Author Blog Tour & Contest: Teen Frankenstein by Chandler Baker - What's Your High School Horror Story?

Welcome to the Working for the Mandroid stop on Chandler Baker's blog tour for her new book, High School Horror: Teen Frankenstein. I'm really excited about this new series retelling classic horror stories by way of high school students. As part of the tour Chandler and members of the Feiwel & Friends team are sharing their own personal high school horror stories. The team over at Macmillan was kind enough to offer a space for me to share my own horror story, but I hated high school so much, I've actively repressed all memories of it.

We are also lucky to have a copy of Teen Frankenstein to give away to one lucky WFTM reader and an opportunity to win a special prize straight from the author herself. Stick around until after the horror story for instructions on how to enter.

So here is the high school horror story from one of of the Macmillan team with the request of anonymity. Enjoy the schadenfreude!

While I’ve always been relatively athletic, I’ve never been even remotely fast. It might be genetic: my mom’s nickname on her softball team was ‘Chariots of Fire’ (a reference to that scene where they run in slow motion). And perhaps because of my inherent lack of speed, I’ve always despised running, and coincidentally fell ill on the days of the so-called Elementary School ‘Fun Run.’ Given all this, you’d think that the last thing I would EVER do would be to join a cross country team.
Well…it started at the mall. One Saturday afternoon when I was in ninth grade, my friend Carly and I had just exited Bath & Body Works, reeking of Sun-Ripened Raspberry, when all of a sudden, we were greeted by a grade-A teenage hunk. Jake. I’d never seen him before. It turned out he went to private school and knew Carly from a county-sponsored cross country team. After a few minutes of discussion about who knows what (I think it may have involved Austin Powers), I was smitten. So I did the only logical thing: I asked Carly for information and convinced my parents to let me join the team.
I suffered through a few weeknight practices, trying my best to look attractive as I sputtered along behind everyone else, never getting even close to Jake, the fastest guy on the team. When the first meet came along, I was warned by the coach that I might not be ready- but I also knew through the grapevine that after meets, the team went out for pizza, and I knew that that might be my chance to win Jake’s heart. I signed up.
The meet was in the middle of nowhere. My parents gamely drove for 90 minutes to get me there, as I applied and reapplied Bonne Bell lipsmackers in the backseat. When we finally arrived, I joined the other runners in my division at the starting line and told myself that I just had to suffer through these three miles and then I’d be able to make my move. Well. The course was hillier than anything I’d run before and I quickly fell behind the pack. They became distant dots on the horizon. And then I couldn’t see them. I had to stop and walk several times. I was a red, sweaty mess. And by the time I finished, all the vendors were packing up their stands and most of the other teams had left. The only people left were my parents and my teammates who had all clearly finished ages ago, and were all clearly annoyed at having to wait. As I approached the finish line, they began a slow clap. Embarrassed at being such a spectacle, I then burst into tears and, with my eyes blurred, tripped and face-planted on the muddy finish line.  As I looked up, I could see Jake trying his absolute hardest not to laugh.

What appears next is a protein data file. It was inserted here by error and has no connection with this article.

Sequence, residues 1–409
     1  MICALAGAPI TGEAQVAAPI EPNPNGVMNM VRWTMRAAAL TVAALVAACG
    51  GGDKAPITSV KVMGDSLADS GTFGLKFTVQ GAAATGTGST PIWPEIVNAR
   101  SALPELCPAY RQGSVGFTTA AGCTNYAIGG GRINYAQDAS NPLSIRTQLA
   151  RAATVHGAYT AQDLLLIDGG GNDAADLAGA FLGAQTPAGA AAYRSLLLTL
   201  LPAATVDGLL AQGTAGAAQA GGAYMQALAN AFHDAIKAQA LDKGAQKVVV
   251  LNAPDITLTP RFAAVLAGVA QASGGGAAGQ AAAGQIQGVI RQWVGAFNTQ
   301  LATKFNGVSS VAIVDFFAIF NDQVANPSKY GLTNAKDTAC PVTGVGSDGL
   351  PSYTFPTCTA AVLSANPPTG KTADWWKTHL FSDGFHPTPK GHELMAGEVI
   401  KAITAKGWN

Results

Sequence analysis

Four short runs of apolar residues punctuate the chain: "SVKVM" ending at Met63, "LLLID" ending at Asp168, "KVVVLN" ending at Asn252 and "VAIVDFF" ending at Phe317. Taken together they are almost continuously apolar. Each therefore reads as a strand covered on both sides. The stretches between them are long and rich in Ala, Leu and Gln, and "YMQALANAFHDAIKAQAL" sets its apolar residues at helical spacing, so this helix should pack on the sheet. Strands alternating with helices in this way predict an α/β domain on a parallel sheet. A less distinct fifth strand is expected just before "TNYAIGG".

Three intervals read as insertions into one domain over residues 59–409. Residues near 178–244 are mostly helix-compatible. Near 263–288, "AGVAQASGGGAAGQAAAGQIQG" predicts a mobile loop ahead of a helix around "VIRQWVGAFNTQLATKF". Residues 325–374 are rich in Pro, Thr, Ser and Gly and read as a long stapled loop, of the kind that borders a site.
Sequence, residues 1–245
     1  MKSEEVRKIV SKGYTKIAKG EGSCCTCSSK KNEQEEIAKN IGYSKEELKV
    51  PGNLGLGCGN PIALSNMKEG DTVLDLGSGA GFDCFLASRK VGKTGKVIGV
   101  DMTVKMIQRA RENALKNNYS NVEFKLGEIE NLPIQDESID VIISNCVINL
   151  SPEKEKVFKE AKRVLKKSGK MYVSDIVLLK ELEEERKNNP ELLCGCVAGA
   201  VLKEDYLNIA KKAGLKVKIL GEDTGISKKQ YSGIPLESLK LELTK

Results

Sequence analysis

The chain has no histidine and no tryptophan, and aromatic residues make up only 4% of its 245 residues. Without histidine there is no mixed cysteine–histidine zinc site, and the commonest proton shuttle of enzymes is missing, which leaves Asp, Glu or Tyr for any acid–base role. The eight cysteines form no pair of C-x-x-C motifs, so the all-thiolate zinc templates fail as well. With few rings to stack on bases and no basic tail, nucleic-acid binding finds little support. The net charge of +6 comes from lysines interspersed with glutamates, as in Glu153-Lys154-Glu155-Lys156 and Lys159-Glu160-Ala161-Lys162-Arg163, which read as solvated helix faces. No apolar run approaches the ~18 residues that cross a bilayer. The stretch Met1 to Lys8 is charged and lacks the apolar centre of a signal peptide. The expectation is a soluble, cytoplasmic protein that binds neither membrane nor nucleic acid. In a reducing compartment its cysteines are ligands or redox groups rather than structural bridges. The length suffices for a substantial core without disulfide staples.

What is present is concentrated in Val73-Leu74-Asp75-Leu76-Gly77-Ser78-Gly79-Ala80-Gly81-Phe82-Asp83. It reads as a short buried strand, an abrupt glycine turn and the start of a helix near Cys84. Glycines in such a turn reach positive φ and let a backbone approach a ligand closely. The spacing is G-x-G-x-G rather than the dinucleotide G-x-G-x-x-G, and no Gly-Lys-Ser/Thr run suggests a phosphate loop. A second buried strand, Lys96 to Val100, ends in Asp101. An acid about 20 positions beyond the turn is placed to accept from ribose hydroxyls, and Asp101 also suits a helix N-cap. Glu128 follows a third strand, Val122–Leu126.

There was no redeeming this. I trudged back to my parents’ car, skipped the pizza party, and vowed to never again force myself into something just to impress a boy. (This lasted about a year, until I met the Morrissey-loving hipster, but that’s a story for another day…)

Teen Frankenstein
Chandler Baker

Feiwel & Friends
Released January 12, 2016
368 pages
YA / Horror / Classic Retellings

Find it on Goodreads

Amazon | Barnes & Noble | Book Depository | Indie Bound

High school meets classic horror in this groundbreaking new series.

It was a dark and stormy night when Tor Frankenstein accidentally hit someone with her car. And killed him. But all is not lost--Tor, being the scientific genius she is, brings him back to life...

Thus begins a twisty, turn-y take on a familiar tale, set in the town of Hollow Pines, Texas, where high school is truly horrifying.

Enter to Win a Copy of Teen Frankenstein

Macmillan and Chandler Baker are offer a hard cover copy of High School Horror: Teen Frankenstein to one lucky winner. Enter through the Rafflecopter below for your chance to win. The contest will run until midnight January 31. Winner must have a US or Canada mailing address.

If you're brave enough, submit your own high school horror story in the comments below and Chandler herself will be reading each story. She'll pick a few of her favorites from all the blog tour stops and will provide a very special prize to each of those winners. Your high school misery could finally get you free stuff!

About the Author

Chandler Baker got her start ghostwriting novels for teens and tweens, including installments in a book series that has sold more than 1 million copies. She grew up in Florida, went to college at the University of Pennsylvania and studied law at the University of Texas. She now lives in Austin with her husband. Although she loves spinning tales with a touch of horror, she is a much bigger scaredy-cat than her stories would lead you to believe. 

You can find Chandler as the books contributor on the YouTube channel Weird Girls.

  • Add High School Horror: Teen Frankenstein to your to-read list on Goodreads.
  • Join in on social media with #HighSchoolHorror
  • Visit Chandler's website and follow her on Twitter and Instagram!

Visit the Other Stops on the Tour!

11-JanFierce Reads

12-Jan  Good Books and Good Wine

13-Jan  Jana's Book List

14-Jan  Booki Emoji

15-Jan  Sci Fi Chick

16-Jan  Novel Novice

17-Jan  Word Spelunking

18-Jan  XPresso Reads

19-Jan  Working for the Mandroid

20-JanKatie's Book Blog

Author Guest Post: Worldbuilding Magic University by Cecilia Tan